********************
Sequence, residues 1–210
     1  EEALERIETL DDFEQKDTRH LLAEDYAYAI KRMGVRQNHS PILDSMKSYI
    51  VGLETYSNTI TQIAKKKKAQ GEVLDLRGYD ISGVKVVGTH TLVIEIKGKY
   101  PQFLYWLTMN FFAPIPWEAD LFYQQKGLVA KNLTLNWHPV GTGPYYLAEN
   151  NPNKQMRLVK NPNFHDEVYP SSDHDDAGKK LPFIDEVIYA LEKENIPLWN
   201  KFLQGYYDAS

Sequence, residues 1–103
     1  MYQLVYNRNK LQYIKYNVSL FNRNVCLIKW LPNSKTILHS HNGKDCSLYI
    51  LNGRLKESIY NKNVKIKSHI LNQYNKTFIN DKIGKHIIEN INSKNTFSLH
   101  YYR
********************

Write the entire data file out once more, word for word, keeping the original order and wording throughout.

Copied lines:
Sequence, residues 1–210
     1  EEALERIETL DDFEQKDTRH LLAEDYAYAI KRMGVRQNHS PILDSMKSYI
    51  VGLETYSNTI TQIAKKKKAQ GEVLDLRGYD ISGVKVVGTH TLVIEIKGKY
   101  PQFLYWLTMN FFAPIPWEAD LFYQQKGLVA KNLTLNWHPV GTGPYYLAEN
   151  NPNKQMRLVK NPNFHDEVYP SSDHDDAGKK LPFIDEVIYA LEKENIPLWN
   201  KFLQGYYDAS

Sequence, residues 1–103
     1  MYQLVYNRNK LQYIKYNVSL FNRNVCLIKW LPNSKTILHS HNGKDCSLYI
    51  LNGRLKESIY NKNVKIKSHI LNQYNKTFIN DKIGKHIIEN INSKNTFSLH
   101  YYR